Second Phase of Consultation Begins on Cycling and Walking improvements on Shinfield Road
- Formal consultation on new cycle route and improved pedestrian crossings along Shinfield Road launches today
- The fully segregated Shinfield Road route was chosen as the favourite option during informal consultation earlier this year, which attracted almost 1,000 responses
RESIDENTS and all road users are being invited to give their views on the creation of a fully segregated new cycle route on Shinfield Road, alongside improved crossings for pedestrians, as statutory consultation on the Active Travel scheme begins.
It follows an initial engagement exercise in the summer which attracted almost 1,000 responses and showed Shinfield Road as the preferred option out of four schemes put forward by Reading Borough Council.
The proposed new cycle route along Shinfield Road – between Christchurch Green and Shinfield Rise - would link south Reading and the Royal Berkshire Hospital, the University of Reading, local centres and Reading Town Centre. It also links with existing new cycle routes delivered by the Council on Redlands Road and Christchurch Road in Tranche 1 of its Active Travel programme.
New advanced stop lines and early release for cyclists will be provided to improve safety. A number of new and improved crossings for pedestrians are also a key element of the scheme.
Formal consultation begins today (26 October) and runs to 6 December. For information and to respond to the consultation go to www.reading.gov.uk/activetravel
The public can view the proposals in person and talk to members of the project team at an exhibition which takes place at the University of Reading’s Sports Park Pavilion on Tuesday 16 November, between 3:30 pm and 7:30 pm.
A statutory consultation will be held next year in association with Traffic Regulation Orders following this second phase of consultation. All feedback will help in developing the final design of the scheme, before construction begins next year.
Councillor Tony Page, Reading Borough Council’s Lead Councillor for Strategic Environment, Planning and Transport, said:
“This is an important stage of the Council’s plans to introduce a fully segregated new cycle lane along the Shinfield Road, which was the clear choice of nearly 1,000 respondents to our initial consultation earlier this year.
“The proposed two-way cycle lane will link to key centres of employment in Reading, such as the Royal Berkshire Hospital, The University and, of course, the Town Centre itself.
“It has never been more important to create realistic alternatives to the private car, both in terms of tackling congestion for road users and air quality for the residents and local communities who live on key routes.
“I would urge residents, road users, local businesses and organisations, to make time to look at the proposals online and comment or visit the drop-in exhibition and ask any questions of the team before feeding back their thoughts.”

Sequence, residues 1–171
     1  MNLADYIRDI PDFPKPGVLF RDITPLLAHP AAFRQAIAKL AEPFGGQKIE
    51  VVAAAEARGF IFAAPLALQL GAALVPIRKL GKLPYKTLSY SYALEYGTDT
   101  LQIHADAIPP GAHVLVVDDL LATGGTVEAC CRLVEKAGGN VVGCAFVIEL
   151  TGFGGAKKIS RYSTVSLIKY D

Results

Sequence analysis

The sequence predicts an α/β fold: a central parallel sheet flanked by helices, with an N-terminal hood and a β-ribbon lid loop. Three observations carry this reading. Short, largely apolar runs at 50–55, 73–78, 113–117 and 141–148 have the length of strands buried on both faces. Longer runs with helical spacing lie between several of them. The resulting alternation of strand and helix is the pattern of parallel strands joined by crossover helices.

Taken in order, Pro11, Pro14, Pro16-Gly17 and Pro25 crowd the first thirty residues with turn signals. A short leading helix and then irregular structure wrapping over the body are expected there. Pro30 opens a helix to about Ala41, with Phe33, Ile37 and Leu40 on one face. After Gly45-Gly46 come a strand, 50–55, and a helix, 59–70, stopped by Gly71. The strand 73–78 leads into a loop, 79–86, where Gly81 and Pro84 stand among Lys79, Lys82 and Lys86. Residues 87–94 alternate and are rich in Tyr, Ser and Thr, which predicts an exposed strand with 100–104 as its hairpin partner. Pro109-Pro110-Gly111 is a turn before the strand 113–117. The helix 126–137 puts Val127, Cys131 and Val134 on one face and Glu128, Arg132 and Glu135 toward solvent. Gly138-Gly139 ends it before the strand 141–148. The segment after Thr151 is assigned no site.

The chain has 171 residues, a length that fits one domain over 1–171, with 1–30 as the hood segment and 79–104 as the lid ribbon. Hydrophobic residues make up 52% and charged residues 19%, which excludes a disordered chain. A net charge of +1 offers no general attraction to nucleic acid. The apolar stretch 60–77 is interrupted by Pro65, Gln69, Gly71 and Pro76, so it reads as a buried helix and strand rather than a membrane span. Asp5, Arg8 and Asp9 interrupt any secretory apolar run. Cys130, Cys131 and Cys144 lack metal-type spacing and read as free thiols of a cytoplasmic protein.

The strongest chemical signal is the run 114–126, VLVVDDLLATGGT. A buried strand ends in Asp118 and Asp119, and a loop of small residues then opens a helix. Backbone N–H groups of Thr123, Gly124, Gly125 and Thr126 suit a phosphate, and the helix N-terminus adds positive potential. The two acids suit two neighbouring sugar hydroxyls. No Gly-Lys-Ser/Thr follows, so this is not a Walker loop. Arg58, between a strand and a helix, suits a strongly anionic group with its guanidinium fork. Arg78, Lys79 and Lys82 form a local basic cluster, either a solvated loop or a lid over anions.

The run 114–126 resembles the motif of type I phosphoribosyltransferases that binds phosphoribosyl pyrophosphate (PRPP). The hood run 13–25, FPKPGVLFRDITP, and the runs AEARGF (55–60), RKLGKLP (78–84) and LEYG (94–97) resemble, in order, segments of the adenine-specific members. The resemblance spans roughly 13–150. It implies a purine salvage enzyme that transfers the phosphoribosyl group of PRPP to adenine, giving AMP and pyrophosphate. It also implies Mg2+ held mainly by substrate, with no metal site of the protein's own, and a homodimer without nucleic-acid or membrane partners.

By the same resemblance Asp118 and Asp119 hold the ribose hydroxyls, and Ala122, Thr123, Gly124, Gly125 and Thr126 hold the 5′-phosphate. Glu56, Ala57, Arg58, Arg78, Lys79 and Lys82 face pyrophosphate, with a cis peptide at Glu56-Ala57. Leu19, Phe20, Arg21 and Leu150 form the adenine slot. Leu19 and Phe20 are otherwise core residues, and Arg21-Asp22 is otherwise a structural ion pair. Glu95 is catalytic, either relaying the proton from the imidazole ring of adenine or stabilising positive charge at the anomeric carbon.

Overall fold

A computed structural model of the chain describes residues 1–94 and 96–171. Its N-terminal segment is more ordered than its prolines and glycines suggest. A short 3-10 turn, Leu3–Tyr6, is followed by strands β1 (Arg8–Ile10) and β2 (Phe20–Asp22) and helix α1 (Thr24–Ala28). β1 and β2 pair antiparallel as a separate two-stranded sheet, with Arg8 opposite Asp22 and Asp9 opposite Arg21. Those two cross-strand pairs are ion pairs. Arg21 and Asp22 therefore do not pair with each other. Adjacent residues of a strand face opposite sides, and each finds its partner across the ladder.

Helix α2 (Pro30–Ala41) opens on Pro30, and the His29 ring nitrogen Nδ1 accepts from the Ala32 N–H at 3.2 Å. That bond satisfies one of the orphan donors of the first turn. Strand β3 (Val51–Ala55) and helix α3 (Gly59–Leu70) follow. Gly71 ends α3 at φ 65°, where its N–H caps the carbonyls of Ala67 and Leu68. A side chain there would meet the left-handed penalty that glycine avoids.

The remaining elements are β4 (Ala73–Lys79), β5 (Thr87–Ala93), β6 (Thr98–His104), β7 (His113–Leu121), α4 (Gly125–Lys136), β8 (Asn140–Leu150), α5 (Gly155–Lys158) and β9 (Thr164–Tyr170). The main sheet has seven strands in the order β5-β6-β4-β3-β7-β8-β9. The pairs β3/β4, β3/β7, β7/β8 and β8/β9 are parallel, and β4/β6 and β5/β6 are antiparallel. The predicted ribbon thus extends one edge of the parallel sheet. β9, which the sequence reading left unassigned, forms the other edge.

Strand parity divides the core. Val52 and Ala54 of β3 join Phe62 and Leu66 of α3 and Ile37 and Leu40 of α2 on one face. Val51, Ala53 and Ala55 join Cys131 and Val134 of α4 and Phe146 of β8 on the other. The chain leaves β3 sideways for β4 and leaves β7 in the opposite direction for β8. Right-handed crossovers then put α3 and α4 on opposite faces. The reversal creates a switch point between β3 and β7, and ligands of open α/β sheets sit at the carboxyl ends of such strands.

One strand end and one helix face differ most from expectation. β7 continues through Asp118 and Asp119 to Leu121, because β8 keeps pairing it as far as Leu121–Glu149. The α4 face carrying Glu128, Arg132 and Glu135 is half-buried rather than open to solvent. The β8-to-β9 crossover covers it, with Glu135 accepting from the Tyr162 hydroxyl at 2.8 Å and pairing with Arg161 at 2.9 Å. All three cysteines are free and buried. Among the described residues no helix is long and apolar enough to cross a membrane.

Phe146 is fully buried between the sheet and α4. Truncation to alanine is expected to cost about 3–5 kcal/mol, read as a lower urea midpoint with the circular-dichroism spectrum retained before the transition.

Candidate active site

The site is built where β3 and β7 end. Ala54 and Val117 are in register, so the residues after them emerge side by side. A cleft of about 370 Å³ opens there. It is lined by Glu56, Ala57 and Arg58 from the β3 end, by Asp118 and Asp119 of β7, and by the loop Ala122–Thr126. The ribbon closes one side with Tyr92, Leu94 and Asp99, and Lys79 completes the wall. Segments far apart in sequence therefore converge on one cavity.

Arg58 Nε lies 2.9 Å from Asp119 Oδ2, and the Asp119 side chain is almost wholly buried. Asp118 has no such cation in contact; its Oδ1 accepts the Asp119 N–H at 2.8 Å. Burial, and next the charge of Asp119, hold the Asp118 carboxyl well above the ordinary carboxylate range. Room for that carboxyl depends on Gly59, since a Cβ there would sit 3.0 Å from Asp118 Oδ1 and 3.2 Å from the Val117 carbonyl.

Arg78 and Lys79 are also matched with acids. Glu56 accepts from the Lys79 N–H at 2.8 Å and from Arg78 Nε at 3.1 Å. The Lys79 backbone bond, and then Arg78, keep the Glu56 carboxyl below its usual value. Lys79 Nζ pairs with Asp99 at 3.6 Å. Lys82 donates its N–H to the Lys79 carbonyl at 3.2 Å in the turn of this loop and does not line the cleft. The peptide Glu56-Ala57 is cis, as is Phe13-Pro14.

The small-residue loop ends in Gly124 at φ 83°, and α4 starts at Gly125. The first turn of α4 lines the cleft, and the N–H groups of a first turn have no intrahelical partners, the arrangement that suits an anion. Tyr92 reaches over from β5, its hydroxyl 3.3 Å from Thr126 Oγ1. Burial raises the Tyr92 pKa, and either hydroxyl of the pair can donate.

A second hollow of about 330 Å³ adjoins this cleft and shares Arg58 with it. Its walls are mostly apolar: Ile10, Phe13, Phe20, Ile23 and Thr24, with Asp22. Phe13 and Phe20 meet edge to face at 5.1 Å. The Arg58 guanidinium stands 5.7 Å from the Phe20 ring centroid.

The Council’s segregated cycle lane proposals were developed in the context of uncertainty regarding changes to traffic flows and unknown future travel demand post Covid19. Over the past 18 months, the pandemic has changed people’s travel options, with more flexible working arrangements now the norm. Changes in travel behaviour and attitudes towards cycling, walking and public transport may reduce commuter car use in the longer term. It is possible that peak hour traffic will not return to previous levels, even if a level of normality returns.
Last November, the Council successfully secured £1.179m from the Department for Transport for further investment in sustainable travel options for Reading, as part of ‘Tranche 2’ of the national Active Travel Fund. The investment aims to improve cycling, walking and public transport in the local area, including safe, dedicated cycle lanes, new crossings and wider footways. The latest funding would allow for key ‘missing link’ cycle lanes in the town to be created, which would be fully segregated from traffic.
Notes to editors
The Council received a total of 928 responses from residents, businesses and organisations to its initial consultation. All four proposed schemes attracted substantial levels of support.
Consultation results showed:
- 61.3% supported or strongly supported proposed two way cycle lanes on Shinfield Road – the highest level of support among the four options
- 18.4% opposed or strongly opposed the Shinfield Road scheme – the lowest level of opposition among the four options
- Shinfield Road also scored the highest level of support relative to opposition on the desire to see improved facilities for cyclists at junctions (62.8%) and on the desire to see improved crossing facilities for pedestrians (65.2%).
The four schemes consulted on were:
- Bath Road / Castle Hill (Southcote Lane – Inner Distribution Road / Castle Street)
- London Road (borough boundary to London Street)
- Shinfield Road (Christchurch Green – Shinfield Rise)
- Southampton Street (Pell Street / Crown Street – Bridge Street / Fobney Street)